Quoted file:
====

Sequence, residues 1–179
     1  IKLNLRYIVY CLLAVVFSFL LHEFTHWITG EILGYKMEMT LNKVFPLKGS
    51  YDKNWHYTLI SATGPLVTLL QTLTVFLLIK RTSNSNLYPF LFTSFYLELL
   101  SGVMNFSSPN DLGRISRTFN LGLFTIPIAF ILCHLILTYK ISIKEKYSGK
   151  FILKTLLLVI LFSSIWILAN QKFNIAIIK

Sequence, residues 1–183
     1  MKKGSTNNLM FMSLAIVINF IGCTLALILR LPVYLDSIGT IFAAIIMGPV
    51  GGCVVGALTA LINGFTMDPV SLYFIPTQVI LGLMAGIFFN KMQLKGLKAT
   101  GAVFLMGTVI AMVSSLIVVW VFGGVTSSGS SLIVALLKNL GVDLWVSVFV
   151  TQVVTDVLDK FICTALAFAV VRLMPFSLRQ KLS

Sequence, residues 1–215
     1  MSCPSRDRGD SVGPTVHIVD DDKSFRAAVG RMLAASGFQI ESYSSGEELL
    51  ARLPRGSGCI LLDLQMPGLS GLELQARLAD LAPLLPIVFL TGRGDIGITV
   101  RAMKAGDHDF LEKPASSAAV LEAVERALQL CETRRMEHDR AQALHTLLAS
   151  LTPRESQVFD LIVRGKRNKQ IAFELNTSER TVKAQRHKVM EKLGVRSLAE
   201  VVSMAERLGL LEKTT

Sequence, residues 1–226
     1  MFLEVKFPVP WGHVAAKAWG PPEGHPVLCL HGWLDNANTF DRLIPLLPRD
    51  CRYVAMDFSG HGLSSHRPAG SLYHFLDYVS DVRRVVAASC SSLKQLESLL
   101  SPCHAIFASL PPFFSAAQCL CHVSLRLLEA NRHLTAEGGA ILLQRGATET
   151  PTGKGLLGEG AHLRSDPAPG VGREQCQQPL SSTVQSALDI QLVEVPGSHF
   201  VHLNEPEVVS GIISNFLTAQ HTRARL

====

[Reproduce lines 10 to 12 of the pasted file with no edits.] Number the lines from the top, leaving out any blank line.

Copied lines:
   151  TQVVTDVLDK FICTALAFAV VRLMPFSLRQ KLS

Sequence, residues 1–215
     1  MSCPSRDRGD SVGPTVHIVD DDKSFRAAVG RMLAASGFQI ESYSSGEELL